The Gobind Sadan community thanked Rev. Nipper and the fire department for their assistance – and contributed to both their Thanksgiving funds.

The temple is located within the Mexico School District.

Sean Bruno, superintendent, was unable to attend the ceremony.

“The one thing that we all truly have in common is our differences. In a world that seems to only report on the negative and use our differences against each other, it is time to focus on the positive,” he said in a prepared statement. “It is time for our world to embrace and celebrate our differences so we may appreciate each other and live in peace.”

Mary Jane Garlow, of the First Universalist Society Central Square, shared a message from Andrea Abbott, the minister at Universalist Church.

“I am so pleased to be here to honor Gobind Sadan and its work. The people of Gobind Sadan met a work of destruction, not with anger or vengeance, but with a works of mercy, love and understanding that should stand as an example to us all,” she said. “Our congregation has always enjoyed the relationship we have had with Ralph and with the community here. It is an excellent thing to have a community so close to us that can show us another way to live and to worship. This community adds depth and breadth to this area and makes us richer for its presence. May our friendship be everlasting. Thank you for being here.”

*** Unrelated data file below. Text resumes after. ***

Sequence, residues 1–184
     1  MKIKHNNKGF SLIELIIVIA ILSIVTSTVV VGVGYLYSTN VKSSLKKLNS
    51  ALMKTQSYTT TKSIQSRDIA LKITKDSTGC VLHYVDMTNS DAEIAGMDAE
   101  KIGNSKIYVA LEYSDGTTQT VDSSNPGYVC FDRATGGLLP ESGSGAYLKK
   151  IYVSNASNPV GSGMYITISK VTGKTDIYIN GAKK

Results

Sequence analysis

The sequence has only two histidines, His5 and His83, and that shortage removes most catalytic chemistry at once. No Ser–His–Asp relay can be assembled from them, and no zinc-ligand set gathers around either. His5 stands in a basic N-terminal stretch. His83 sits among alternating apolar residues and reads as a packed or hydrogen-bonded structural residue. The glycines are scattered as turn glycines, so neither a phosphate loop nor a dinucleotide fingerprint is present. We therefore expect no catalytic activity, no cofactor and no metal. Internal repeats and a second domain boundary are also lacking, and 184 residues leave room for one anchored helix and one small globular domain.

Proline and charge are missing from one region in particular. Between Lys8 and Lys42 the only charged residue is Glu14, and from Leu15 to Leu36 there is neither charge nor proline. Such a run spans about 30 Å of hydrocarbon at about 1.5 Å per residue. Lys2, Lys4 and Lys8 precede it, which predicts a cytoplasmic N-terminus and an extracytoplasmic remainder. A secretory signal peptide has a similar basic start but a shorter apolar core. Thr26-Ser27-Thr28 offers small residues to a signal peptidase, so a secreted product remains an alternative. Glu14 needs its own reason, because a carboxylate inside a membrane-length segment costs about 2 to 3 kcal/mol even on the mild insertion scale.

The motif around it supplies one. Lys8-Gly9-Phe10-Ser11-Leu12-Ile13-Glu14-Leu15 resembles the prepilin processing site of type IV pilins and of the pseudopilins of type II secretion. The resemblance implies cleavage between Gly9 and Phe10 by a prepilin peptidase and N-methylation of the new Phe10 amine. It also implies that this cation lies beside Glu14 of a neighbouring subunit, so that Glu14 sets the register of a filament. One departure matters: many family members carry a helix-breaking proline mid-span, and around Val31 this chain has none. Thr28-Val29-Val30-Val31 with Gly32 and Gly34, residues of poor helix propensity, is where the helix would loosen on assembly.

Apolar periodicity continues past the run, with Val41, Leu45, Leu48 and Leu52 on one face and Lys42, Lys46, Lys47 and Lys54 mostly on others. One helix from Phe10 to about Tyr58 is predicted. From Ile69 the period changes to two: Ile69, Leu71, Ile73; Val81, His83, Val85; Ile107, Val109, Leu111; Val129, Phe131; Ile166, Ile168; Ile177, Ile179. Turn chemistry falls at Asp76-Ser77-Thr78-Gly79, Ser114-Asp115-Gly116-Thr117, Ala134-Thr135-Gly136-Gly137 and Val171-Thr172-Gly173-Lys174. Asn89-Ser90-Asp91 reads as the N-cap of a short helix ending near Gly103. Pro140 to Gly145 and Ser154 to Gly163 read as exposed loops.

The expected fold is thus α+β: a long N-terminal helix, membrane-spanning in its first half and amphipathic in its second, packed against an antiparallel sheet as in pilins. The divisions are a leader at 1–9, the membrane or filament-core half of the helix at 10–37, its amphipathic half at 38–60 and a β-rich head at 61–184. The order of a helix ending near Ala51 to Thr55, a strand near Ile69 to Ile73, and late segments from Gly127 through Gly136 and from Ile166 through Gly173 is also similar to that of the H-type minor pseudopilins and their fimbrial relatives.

Tim Hart, another congregation member and frequent visitor to Gobind Sadan, added, “We are called to turn the other cheek – you set a shining example.”